Category Archives: Independent Practice

In other words, homework.

The Weekly Text, November 20, 2020: A Reading and Comprehension Worksheet on Walt Disney

This week’s Text is a simple one, to wit this reading on Walt Disney and its attendant vocabulary-building and comprehension worksheet. This is relatively high-interest material for students, at least many I’ve served. There are relatively few children in our society (and arguably in any society) whose imagination Walt Disney and his characters haven’t colonized.

If you find typos in these documents, I would appreciate a notification. And, as always, if you find this material useful in your practice, I would be grateful to hear what you think of it. I seek your peer review.

English Usage: Shrunk (pp), Shrank (vi/vt)

If you’re a stickler for usage, or want to give your students a chance to become sticklers in their own right, then this English usage worksheet on the past participle shrunk and the simple past tense verb shrank might be one avenue to bring that endeavor to fruition. For the record, shrunk is the past participle, so it must be used with the helping verbs had and have. Shrank, on the other hand, is the simple past tense of the verb shrink.

If you find typos in this document, I would appreciate a notification. And, as always, if you find this material useful in your practice, I would be grateful to hear what you think of it. I seek your peer review.

Cultural Literacy: Hobbits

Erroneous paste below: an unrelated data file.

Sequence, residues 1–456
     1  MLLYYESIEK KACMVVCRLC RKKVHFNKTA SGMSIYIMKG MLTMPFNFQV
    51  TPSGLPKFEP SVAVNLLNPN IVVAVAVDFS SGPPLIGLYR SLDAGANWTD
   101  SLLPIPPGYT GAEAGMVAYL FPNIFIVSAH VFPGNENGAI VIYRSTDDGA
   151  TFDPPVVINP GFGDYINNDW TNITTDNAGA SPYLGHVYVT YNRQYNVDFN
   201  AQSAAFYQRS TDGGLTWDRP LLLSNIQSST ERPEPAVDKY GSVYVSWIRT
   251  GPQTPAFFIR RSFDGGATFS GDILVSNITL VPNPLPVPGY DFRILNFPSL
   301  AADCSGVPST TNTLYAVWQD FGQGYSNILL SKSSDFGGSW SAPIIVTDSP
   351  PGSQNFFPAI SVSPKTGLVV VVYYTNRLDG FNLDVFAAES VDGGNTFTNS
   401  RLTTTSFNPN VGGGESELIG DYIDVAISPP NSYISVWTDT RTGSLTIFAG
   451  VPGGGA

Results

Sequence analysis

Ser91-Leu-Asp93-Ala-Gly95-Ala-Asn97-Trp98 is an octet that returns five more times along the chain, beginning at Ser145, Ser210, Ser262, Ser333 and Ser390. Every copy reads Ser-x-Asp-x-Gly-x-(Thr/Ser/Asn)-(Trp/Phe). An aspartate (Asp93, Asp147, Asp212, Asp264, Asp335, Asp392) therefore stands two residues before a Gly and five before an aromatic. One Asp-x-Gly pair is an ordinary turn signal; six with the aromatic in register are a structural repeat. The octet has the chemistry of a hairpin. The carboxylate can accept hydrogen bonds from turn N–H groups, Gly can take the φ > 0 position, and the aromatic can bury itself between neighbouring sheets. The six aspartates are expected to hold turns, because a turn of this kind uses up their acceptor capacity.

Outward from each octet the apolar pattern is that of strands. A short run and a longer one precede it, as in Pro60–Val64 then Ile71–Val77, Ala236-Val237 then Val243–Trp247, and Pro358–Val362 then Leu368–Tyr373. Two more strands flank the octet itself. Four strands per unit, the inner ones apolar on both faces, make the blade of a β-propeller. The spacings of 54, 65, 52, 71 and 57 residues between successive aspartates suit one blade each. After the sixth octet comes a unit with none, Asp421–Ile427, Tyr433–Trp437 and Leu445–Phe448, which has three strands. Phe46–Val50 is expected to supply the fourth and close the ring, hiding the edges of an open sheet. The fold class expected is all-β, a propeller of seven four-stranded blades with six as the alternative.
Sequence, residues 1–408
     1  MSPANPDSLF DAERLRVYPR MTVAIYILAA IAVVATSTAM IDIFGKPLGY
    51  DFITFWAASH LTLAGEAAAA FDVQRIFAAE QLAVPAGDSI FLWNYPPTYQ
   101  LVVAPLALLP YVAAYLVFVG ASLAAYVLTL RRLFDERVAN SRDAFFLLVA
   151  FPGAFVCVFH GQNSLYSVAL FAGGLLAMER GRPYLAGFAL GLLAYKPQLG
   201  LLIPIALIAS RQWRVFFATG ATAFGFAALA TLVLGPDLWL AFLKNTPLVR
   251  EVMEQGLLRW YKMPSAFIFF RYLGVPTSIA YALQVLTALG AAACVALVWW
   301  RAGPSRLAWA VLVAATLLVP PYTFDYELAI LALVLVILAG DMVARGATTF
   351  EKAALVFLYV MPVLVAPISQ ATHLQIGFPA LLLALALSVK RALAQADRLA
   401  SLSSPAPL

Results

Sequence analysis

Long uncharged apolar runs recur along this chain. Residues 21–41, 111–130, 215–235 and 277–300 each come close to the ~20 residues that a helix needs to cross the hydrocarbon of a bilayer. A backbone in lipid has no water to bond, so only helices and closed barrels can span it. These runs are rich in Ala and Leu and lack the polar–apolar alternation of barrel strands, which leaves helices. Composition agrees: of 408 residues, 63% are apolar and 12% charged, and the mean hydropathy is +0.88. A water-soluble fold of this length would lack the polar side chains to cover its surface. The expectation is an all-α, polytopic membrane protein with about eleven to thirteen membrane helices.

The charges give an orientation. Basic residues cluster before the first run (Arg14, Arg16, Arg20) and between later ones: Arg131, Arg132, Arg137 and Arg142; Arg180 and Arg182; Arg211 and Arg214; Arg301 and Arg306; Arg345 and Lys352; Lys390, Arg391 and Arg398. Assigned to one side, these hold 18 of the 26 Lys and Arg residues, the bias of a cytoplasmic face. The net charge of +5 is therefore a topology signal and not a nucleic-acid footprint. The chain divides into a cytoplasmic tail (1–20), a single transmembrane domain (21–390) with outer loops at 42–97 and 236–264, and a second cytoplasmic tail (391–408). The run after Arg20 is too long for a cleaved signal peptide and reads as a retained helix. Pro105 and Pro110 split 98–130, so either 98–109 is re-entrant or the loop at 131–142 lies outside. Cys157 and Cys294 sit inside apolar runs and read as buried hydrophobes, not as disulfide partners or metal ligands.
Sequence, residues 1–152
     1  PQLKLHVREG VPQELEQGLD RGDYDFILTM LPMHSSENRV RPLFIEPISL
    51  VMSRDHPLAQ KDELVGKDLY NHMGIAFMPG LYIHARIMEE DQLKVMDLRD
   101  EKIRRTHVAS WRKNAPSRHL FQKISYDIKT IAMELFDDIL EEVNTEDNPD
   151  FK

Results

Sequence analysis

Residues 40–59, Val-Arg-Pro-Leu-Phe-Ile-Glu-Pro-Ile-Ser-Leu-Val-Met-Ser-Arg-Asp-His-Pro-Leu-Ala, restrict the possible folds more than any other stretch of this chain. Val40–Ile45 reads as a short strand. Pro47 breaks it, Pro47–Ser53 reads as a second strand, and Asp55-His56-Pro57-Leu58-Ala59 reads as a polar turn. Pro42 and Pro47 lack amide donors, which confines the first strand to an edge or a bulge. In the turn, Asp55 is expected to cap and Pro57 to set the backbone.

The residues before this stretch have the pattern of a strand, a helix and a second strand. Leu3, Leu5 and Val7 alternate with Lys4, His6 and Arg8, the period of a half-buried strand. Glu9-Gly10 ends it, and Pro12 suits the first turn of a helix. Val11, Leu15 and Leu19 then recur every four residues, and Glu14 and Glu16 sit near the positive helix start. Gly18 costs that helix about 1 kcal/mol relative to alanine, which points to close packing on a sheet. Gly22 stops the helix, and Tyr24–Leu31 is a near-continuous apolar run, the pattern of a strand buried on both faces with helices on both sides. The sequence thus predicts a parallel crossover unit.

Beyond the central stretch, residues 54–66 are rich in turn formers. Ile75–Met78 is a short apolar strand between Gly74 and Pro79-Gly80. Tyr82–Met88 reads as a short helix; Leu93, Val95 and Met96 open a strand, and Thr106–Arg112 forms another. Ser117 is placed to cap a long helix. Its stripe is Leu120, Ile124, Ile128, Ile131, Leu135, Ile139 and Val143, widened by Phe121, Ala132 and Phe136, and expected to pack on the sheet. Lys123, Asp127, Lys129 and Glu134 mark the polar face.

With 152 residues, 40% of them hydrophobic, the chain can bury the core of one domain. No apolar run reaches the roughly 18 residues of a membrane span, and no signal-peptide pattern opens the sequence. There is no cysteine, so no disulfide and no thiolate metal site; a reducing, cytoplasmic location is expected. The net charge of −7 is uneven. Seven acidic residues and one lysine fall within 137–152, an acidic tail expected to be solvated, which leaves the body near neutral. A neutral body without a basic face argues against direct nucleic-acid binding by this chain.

If you seek to interest students in J.R.R. Tolkien’s work, this Cultural Literacy worksheet on Hobbits might be a good place to start. It’s a short exercise–a half-page–with only three questions. I’ve used this to good effect with alienated students who I know had an interest in mythology, and fantasy literature.

If you find typos in this document, I would appreciate a notification. And, as always, if you find this material useful in your practice, I would be grateful to hear what you think of it. I seek your peer review.

Write It Right: Body for Trunk

“Body for Trunk. The body lay here, the head there.’ The body is the entire physical person (as distinguished from the soul, or mind) and the head is a part of it. As distinguished from the head, trunk may include the limbs, but anatomically it is the torso only.”

Excerpted from: Bierce, Ambrose. Write it Right: A Little Blacklist of Literary Faults. Mineola, NY: Dover, 2010.

Communism

As it seems to have returned to its prominent place in the bundle of American political anxieties, now seems like a good time to post this reading on communism and its accompanying vocabulary-building and comprehension worksheet.

In my ill-fated career as a doctoral candidate, one of the more interesting seminars I took was on the “Hegel-to Marx Problem.” Needless to say, I read quite a bit of Marx and Engels for that class, as well, later, on my own. I bring this up because I want to comment that for a one-page reading, the documents in this post introduce communism thoroughly and objectively. It’s good stuff if you need it.

If you find typos in these documents, I would appreciate a notification. And, as always, if you find this material useful in your practice, I would be grateful to hear what you think of it. I seek your peer review.

Cultural Literacy: Republic